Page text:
‘The Armstrong Lie’: The truth behind all of Lance’s fibbing
By BRUCE INGRAM For Sun-Times Media November 14, 2013 11:10AM
‘THE ARMSTRONG LIE’ ★★★1⁄2
Sony Pictures Classics presents a documentary written and directed by Alex Gibney. Running time: 122 minutes. Rated R (for language). Opens Friday at Landmark Century and CineArts 6 in Evanston.
He’s been stripped of his Tour de France wins, of course, but Lance Armstrong is still a world-class champion when it comes to lying.
It’s one thing to know and understand that Armstrong lied about using steroids, drug transfusions and the like during his phenomenal cycling career. People do lie, after all, especially when they have major interests to protect. And in his case, it’s not exactly an earth-shattering revelation. Allegations about doping had been buzzing around him since 1999, when he won the first of his seven consecutive and utterly unprecedented Tour championships.
But it’s quite another to watch, in this exhaustively detailed documentary from Oscar winner Alex Gibney (“Taxi to the Dark Side”), as this inspirational figure, a hero to millions, looks straight into the camera during countless interviews and starkly, shamelessly denies the truth. Countless times. Year after year after year. Sometimes earnestly, sometimes belligerently, but always with the air of the beleaguered innocent. “I’m sorry for you,” he says to one questioner at a press conference. “I’m sorry you can’t dream big, that you can’t believe in miracles.”
You’d have to start looking into ancient Greek tragedy to top it as a showcase for pure, unadulterated hubris. That’s one of the things that makes “The Armstrong Lie,” which has more on its mind than the mere debunking of a tarnished hero, so worthwhile.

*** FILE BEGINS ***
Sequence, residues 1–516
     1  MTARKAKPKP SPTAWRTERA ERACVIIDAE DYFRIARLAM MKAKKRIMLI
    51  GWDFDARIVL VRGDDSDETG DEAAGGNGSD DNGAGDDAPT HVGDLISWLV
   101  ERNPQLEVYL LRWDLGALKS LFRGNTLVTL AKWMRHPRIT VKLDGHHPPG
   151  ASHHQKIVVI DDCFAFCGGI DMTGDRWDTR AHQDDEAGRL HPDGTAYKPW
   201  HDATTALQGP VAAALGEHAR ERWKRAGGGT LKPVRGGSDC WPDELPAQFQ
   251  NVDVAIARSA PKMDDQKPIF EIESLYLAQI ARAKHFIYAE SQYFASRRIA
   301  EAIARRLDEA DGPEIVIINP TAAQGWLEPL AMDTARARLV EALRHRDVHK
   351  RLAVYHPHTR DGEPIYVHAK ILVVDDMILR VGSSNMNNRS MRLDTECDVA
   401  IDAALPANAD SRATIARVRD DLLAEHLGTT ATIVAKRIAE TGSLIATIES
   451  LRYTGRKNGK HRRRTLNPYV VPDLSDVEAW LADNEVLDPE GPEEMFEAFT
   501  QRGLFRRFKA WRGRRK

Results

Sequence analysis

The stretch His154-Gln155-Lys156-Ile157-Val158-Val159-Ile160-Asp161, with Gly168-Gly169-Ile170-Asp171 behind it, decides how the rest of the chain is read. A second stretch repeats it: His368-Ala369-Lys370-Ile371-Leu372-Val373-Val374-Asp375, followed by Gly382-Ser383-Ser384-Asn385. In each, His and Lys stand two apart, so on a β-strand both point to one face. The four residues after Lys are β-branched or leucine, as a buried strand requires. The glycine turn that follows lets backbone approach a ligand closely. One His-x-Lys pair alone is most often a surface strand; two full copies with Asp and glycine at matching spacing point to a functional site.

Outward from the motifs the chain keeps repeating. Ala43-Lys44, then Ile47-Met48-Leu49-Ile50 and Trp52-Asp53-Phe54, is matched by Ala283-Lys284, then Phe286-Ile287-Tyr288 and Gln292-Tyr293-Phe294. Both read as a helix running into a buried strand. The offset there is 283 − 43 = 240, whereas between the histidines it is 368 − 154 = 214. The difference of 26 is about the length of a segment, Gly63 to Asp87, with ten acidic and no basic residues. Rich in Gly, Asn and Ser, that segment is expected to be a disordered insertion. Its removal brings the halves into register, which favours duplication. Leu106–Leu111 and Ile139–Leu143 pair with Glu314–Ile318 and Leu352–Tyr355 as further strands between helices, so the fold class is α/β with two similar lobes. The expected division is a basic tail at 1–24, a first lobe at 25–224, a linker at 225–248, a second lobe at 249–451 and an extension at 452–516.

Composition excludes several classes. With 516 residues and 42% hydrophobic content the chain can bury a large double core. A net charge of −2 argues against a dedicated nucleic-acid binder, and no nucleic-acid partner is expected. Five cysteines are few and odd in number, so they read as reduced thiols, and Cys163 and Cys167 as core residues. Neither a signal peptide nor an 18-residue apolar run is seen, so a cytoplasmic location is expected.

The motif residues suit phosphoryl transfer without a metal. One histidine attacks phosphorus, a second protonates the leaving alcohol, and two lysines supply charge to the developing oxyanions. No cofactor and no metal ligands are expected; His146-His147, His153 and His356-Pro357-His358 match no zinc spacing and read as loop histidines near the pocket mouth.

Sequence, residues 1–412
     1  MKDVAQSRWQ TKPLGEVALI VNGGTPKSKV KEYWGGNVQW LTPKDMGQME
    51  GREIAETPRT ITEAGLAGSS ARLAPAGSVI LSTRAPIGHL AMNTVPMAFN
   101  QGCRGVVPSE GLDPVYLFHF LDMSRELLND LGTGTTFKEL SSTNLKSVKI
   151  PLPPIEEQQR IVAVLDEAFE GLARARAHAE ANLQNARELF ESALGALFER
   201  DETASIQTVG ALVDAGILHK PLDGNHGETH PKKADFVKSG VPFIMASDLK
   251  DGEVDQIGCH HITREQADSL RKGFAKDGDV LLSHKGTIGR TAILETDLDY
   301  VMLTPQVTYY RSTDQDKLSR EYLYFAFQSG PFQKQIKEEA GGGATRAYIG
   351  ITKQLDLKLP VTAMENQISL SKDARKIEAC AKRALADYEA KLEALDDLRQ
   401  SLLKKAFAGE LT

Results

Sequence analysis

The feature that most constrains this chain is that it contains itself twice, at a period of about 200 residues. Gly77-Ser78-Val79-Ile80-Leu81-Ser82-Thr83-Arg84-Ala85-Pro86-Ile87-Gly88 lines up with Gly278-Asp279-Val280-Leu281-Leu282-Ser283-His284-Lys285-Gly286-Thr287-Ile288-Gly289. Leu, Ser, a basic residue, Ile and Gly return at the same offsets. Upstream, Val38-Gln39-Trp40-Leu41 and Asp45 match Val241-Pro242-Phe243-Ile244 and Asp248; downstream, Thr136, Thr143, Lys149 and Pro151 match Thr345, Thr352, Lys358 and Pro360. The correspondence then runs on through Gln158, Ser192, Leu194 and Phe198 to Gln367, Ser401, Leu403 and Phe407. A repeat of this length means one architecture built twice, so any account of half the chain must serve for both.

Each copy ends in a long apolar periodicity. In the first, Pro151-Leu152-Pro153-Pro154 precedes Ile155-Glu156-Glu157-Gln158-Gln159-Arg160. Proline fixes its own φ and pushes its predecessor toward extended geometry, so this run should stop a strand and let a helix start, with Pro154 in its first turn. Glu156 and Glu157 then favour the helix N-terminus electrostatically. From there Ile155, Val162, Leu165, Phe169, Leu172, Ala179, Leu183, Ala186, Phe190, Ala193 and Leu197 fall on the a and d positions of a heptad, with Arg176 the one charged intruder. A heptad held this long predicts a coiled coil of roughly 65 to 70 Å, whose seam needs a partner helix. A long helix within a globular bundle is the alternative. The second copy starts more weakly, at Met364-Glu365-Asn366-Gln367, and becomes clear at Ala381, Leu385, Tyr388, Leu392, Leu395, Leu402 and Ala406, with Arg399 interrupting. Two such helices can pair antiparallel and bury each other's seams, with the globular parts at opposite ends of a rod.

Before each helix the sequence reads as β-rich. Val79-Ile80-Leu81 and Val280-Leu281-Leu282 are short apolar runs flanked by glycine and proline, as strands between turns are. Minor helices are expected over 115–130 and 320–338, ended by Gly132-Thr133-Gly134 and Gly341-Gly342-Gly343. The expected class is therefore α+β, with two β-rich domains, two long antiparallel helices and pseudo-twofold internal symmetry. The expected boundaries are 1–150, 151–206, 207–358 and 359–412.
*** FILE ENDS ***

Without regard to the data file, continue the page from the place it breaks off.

It’s a story about a man who could have retired rich, famous and revered, and risked everything to prove the truth of a lie. It’s a story about hero worship and the abuse of celebrity. It’s a story about the corrupted sport of cycling, so rife with doping that choosing not to dope would mean choosing not to compete. It’s a story about us: Why did we believe him for so long despite so much evidence to the contrary? It’s even a story about Gibney, who was also a believer when he signed on to make a film about Armstrong’s 2009 comeback Tour. One the cyclist intended to win clean, forever silencing his detractors — then couldn’t.
Mostly, though, it’s a story about a man who would do anything it took to win — and feels no apparent guilt about it.
“It’s very hard to conceal the truth forever,” Armstrong says to Gibney at one point in “The Armstrong Lie.” And he says it almost with a hint of pride at having succeeded for so very long.